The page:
Driving While Intoxicated in San Antonio

Persistent and Passionate Attorneys Dedicated to Your Fight

At the Krause Law Firm, we strive for dismissals of our clients’ unfair or wrongful charges. We are a women-led firm that seeks to develop creative solutions to our clients’ complicated criminal charges, and we prioritize our clients’ best interests as we build a compassionate case for them in court as they fight their DWI accusation.

What Constitutes DWI?

Texas law prohibits all motorists from operating a motor vehicle while they have a blood alcohol concentration (BAC) of .08% or more or while intoxicated by drugs or alcohol. Texas also has “zero tolerance” laws making it illegal for underage drivers (those under 21 years old) to drive with any detectable amount of alcohol in their system.

Note that it is an important distinction to know that having a drink and then driving is not a crime in the state of Texas. Instead, the law clearly states that a person is only guilty of a crime if they drive while intoxicated. Intoxication is defined in three ways in Texas:

  • a person had over a .08% BAC on either a breath or a blood test at the time of driving.;
  • a person has lost the normal use of their mental faculties; or
  • they have lost the normal use of their physical faculties due to the introduction of an intoxicant.

The State has the burden to prove beyond a reasonable doubt that a person was intoxicated at the time of driving. Since any tests that are given to a driver are much later in time than the time they were driving, there are some arguments that the state cannot prove what the blood alcohol level was at the time of driving or operation of the vehicle. Note that operation does not have to include driving; that is, an officer does not have to see someone actually drive a vehicle to prove operation. If a key is in the ignition and the vehicle is on, an officer may presume operation.

Sobriety Tests and Sentencing

One thing an officer tries to do in every DWI investigation is have a person submit to standardized field sobriety tests (SFSTs). The purpose of SFSTs is to prove a person lacks the normal use of their physical or mental faculties. We advise individual not to submit to them, because if an officer is asking you to do SFSTs, he probably has already decided the person is intoxicated and plans to arrest them. So, all SFSTs will do is help the officer prove the case later.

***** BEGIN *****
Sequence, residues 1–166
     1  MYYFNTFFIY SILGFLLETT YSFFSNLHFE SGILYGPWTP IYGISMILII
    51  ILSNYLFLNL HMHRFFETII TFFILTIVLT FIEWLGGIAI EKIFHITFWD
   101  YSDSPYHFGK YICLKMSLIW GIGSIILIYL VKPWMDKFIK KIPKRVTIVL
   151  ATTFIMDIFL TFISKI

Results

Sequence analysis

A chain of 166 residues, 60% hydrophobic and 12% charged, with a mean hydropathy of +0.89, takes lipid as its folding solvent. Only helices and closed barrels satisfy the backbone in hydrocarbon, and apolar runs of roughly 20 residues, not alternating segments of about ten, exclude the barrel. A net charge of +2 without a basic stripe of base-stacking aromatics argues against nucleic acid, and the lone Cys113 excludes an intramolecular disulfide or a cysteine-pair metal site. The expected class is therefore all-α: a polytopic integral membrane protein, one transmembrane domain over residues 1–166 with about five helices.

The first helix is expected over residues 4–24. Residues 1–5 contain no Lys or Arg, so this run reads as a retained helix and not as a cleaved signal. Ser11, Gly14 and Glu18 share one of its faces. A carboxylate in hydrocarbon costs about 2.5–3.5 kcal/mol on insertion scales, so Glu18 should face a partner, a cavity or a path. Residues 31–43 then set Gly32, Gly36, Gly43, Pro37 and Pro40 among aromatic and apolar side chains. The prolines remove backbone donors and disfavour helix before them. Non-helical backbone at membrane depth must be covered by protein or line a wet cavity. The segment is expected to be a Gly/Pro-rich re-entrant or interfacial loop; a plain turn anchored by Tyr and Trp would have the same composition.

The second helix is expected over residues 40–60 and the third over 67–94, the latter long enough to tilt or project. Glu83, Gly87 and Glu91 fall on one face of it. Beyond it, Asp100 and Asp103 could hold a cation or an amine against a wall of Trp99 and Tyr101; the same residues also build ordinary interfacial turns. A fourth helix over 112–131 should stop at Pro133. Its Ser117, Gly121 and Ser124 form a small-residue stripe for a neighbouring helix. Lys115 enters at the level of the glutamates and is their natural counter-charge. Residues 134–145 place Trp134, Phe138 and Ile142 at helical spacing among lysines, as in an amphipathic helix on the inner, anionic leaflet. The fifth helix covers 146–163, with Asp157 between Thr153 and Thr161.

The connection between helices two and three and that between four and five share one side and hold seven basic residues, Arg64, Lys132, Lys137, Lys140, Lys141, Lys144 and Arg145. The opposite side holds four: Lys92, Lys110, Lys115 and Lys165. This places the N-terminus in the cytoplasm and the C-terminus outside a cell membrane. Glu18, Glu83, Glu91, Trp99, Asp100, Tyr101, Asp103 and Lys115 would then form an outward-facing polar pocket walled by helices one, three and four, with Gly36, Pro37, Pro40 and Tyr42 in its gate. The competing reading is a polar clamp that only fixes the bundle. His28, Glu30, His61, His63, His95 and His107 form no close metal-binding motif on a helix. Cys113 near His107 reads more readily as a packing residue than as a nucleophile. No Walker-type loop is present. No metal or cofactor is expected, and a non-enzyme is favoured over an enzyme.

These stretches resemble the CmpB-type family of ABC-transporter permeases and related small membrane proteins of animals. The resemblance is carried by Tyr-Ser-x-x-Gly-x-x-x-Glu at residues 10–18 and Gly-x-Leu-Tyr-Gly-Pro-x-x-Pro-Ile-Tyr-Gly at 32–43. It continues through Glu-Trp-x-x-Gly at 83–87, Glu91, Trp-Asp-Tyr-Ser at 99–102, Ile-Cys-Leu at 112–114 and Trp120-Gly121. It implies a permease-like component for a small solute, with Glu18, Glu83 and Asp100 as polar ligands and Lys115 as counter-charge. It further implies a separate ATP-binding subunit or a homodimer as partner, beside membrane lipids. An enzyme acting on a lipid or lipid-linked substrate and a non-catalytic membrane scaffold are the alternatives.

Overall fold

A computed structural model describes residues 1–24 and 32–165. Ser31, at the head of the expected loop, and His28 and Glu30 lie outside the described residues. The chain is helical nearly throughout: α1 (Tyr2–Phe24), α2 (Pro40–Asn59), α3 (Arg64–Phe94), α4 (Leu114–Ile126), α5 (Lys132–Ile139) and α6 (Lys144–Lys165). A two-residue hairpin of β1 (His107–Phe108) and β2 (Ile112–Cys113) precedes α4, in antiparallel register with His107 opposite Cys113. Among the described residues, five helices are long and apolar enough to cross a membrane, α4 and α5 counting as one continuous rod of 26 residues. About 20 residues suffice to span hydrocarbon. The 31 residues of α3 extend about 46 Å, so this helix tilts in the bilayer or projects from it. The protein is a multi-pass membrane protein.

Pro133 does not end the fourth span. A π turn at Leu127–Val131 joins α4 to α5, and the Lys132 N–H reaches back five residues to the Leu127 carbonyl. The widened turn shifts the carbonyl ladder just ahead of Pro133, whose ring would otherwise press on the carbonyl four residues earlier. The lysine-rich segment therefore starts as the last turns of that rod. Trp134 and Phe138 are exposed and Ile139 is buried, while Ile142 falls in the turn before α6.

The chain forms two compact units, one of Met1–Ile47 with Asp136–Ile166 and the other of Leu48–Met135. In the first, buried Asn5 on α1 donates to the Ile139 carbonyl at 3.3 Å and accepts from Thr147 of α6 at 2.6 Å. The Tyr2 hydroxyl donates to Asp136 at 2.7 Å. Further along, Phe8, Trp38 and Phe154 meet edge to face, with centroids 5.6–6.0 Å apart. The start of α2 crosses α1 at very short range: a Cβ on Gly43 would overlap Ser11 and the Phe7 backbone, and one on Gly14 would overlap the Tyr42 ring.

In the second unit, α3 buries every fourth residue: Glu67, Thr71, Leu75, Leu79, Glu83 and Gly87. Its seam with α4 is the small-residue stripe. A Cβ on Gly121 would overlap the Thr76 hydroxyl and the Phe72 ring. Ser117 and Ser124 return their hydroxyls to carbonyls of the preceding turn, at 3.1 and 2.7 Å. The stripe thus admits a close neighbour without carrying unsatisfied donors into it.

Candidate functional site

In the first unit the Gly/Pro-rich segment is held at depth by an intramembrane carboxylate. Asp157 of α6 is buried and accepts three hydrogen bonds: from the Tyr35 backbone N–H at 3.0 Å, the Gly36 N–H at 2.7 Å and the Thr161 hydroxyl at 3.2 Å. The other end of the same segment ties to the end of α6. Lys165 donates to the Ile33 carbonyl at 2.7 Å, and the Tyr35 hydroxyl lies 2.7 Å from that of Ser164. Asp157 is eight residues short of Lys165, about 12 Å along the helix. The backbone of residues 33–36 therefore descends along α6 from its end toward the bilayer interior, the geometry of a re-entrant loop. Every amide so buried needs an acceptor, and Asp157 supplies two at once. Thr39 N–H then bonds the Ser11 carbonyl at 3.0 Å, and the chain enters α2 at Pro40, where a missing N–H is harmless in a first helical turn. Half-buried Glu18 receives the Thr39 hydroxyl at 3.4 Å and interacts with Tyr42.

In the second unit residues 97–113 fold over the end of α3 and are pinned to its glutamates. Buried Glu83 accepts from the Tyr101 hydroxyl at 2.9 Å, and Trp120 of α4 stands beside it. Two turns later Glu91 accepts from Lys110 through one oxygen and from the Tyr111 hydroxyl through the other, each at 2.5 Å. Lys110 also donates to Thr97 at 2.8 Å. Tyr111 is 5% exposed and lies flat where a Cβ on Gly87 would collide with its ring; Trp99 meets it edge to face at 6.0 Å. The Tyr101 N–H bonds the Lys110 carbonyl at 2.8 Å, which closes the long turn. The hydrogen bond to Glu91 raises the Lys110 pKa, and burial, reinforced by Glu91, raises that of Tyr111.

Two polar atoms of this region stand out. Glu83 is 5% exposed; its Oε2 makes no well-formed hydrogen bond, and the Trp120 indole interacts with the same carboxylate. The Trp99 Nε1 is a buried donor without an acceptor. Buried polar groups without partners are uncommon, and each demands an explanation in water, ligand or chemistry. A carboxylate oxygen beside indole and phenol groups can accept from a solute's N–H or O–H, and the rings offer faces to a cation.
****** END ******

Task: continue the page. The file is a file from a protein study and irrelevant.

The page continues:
In any case, it is important to know what the SFTSs will consist of if you do submit to them. SFSTs include three tests – the Horizontal Gaze Nystagmus (HGN) test, the Walk and Turn test, and the One Leg Stand test. Particularly the latter two tests are not designed for people to do very well on them.

The HGN test checks for nystagmus in a person’s eyes (the involuntary jerking of one’s eyes caused by the introduction of alcohol into their body). The next test, the Walk and Turn Test, begins with an officer having the individual stand in an unnatural position and then instructing them to walk forward. The final test given is the One Leg Stand Test, in which the officer will instruct a person to stand on one leg with their hands flush to their side, looking at their foot and counting. The foot should be parallel to the ground. Losing balance while in this unnatural position provides for them further evidence of intoxication.

If an officer pulls a driver over and smells alcohol, the driver will likely go to jail for DWI regardless of how well they might perform on the above tests. After all, the tests are not designed for anyone to do well on them, so even a person under the legal limit might make mistakes on the tests that can be used against them later. As a result, even if a person thinks they are completely sober and will nail the SFSTs, we advise individuals to say no. Provide the officer their driver’s license and proof of insurance and tell them they will consent to nothing and do not wish to speak to them any further. This will better aid the individual and their defense attorney by giving officers as little evidence against them as possible. Note that there is a license revocation process, and the defendant has 15 days from the day of arrest to request an ALR hearing. Hiring an attorney immediately will allow them to act on that hearing, which could be very important to the consequences of the case.

The penalties for a DWI conviction, if not dismissed, depend on the severity of the incident and the number of prior offenses:

  • 1st offense – 72 hours to 6 months in jail (12-month maximum with BAC of .15% or more); fines up to $2,000 (or up to $4,000 with BAC .15% or more); 90 days to 12 months of license suspension; ignition interlock device (IID) as a condition of obtaining an occupational license
  • 2nd offense – 30 days to 12 months in jail; up to $4,000 in fines; 180 days to 2 years of license suspension; 1 year of IID use (with a prior conviction within 5 years)
  • 3rd offense – 2 to 10 years in jail; fines up to $10,000; 180 days to 2 years of license suspension; IID use for 1 year (with a prior conviction within 5 years)

Let Us Defend You in Court

If you are facing a DWI charge in San Antonio, contact the Krause Law Firm immediately for legal support. Whether you have time to request an ALR or are already past the time limit to do so, our attorneys can assess your case and plan the best next steps to defend you against an unfair charge. We will do our best to facilitate a dismissal and deliver a compassionate argument for your case.